History Files


Modern Britain

Gallery: Churches of Kent

by Peter Kessler, 25 April 2010



Thanet Part 13: Churches of Ramsgate

Anath Gospel Hall

Anath Gospel Hall occupies a plot on the northern side of Station Approach Road, approximately three hundred metres (yards) east of Ramsgate Station and close to the junction with Margate Road. The hall is home to an Open Brethren, evangelical church which opened between 1936 and 1955, but as with so many nonconformist places of worship in Thanet, no more information than that is available. The building's style is 1950s, suggesting a date between 1950-1955.

St Luke's Church

St Luke's Church occupies the south-eastern corner of St Luke's Avenue and Hollicondane Road in northern Ramsgate. Construction of the church was officially started when the foundation stone was laid by the archbishop of Canterbury on 24 November 1875. The cost of building was 8000, perhaps too much, as the original drawings show a tower and other apparently unfinished areas such as the side door porch. St Mark's Mission Church was soon opened in Northwood.

St Luke's Church

By September 1890, finances to finish the building work on the church and other projects were falling behind. The tower and porches were put on hold, and money was diverted to other more important projects. About 500 of the 1,100 pews had to be paid for in the 1890s, with the poorer inhabitants of Ramsgate being advised to use the free pews (presumably at the back of the church). St Luke's congregation grew to 303 by 1896, but has certainly fallen since then.

Newcastle Hill Wesleyan Mission Hall

Newcastle Hill Wesleyan Mission Hall stood on the northern side of Newcastle Hill, one third of the way up the hill. This is to the east of King Street, and two-thirds of the way towards the beach from St Luke's. Information on the hall is scarce, but it certainly existed in 1936, and the National Archives contains records from the hall between 1908-1955. The hall was lost to redevelopment and by 2008, some of the redevelopments were being redeveloped.

St Paul's Church

St Paul's Church was on the north-west side of the Sussex Street and King Street corner. Opened in 1874 to cater for working class locals who failed to attend St George's, it gained its owned parish in 1881. In 1887 a brand new, substantially bigger church replaced the original mission, and thrived until the 1939 wartime closure of coastal churches. Sussex Street was flattened in 1940, but the church survived. Then Holy Trinity gained its parishioners and it was demolished in 1959.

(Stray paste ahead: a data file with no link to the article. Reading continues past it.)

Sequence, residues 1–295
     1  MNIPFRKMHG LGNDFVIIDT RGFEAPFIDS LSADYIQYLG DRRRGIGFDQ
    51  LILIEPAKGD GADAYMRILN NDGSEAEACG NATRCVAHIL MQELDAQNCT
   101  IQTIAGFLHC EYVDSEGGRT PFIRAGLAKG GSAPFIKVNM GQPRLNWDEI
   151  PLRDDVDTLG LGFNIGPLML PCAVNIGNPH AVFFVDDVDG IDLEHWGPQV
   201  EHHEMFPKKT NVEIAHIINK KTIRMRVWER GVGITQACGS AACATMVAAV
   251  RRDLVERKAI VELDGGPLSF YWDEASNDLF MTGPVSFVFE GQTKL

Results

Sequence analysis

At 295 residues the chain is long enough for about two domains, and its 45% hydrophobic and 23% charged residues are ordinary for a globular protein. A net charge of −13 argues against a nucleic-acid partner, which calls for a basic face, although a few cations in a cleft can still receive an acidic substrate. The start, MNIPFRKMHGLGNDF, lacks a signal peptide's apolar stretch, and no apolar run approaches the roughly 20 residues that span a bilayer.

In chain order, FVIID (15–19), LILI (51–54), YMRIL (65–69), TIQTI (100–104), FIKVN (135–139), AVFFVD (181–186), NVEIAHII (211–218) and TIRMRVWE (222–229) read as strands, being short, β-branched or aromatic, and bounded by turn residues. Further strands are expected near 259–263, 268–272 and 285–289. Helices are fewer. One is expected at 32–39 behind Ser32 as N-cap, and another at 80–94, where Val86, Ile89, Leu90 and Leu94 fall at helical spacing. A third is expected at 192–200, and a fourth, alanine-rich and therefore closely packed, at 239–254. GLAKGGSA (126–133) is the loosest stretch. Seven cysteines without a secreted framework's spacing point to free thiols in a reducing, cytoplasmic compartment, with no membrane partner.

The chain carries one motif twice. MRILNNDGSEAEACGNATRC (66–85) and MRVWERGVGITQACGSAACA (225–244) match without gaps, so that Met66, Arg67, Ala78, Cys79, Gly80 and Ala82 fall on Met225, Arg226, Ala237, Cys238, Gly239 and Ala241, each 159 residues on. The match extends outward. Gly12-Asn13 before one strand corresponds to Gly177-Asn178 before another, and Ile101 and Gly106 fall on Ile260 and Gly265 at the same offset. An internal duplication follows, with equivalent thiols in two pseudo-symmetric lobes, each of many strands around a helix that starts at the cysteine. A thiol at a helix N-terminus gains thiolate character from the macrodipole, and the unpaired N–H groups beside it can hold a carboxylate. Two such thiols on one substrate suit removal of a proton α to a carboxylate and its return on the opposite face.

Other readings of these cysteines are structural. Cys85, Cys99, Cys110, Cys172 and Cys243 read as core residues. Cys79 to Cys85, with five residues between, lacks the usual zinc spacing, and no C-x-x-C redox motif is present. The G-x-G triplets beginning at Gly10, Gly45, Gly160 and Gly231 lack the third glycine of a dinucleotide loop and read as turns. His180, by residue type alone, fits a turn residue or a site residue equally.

Parish Church of Holy Trinity Ramsgate

The Parish Church of Holy Trinity Ramsgate fills the land on the northern side of Victoria Road, between Bellevue Road and Avenue Road. This flint-clad church, on the east cliff, close to the Royal Harbour, was consecrated in 1845 and maintained a Catholic tradition, firmly anchored in the Anglican Church. It was very much the home of the upper class with its full choral services, which were advertised in the local press as being of the cathedral type.

Parish Church of Holy Trinity Ramsgate

The churches in Thanet's coastal towns were all closed in 1939, at the outbreak of the war, and when a single Junkers 88 bomber dropped two bombs during the air raid of 12 November 1940, nearby Sussex Street was destroyed. Although St Paul's Church there survived, Holy Trinity gained access to more than half its parishioners, leaving it without a reason to exist. It never re-opened after the war. Holy Trinity has no tower, but it does contain a bell cote for a single bell.

St Ethelbert & St Gertrude's Catholic Church

St Ethelbert & St Gertrude's Catholic Church is on the western side of Hereson Road between Lilian Road and Dane Park Road. In 1897 the Catholic Church in England celebrated the 1300th anniversary of Saint Augustine's arrival at Ebbsfleet by starting off a new church in the expanding eastern part of Ramsgate. This was completed in 1902, with space for 300, although without a tower. It remained unconsecrated until the Feast of Saint Ethelbert, on 25 February 2010.

Montefiore Synagogue

Montefiore Synagogue, or the Spanish & Portuguese Synagogue, sits on the eastern side of Hereson Road, along a footpath opposite St George's Road. The Grade II listed buildings were erected in 1833 by Sir Moses Montefiore, responsible for founding the Ramsgate community (Sir Moses' tomb is shown here, the synagogue is on its right). Disused by 2010, a new synagogue was in use on the south-west corner of Honeysuckle Road and Dumpton Park Drive.

Ramsgate Jewish Cemetery

Ramsgate Jewish Cemetery occupies the corner of land on the western side of Dumpton Park Road and south of College Road. Following what was effectively the single-handed creation of the Ramsgate Jewish community by Sir Moses Montefiore, the Jewish population climbed from sixty in 1898 to a peak of 130 in 1935. It declined to the mid-sixties after the war, but the congregations of both of Ramsgate's synagogues still use this burial ground.

In Depth
In Depth


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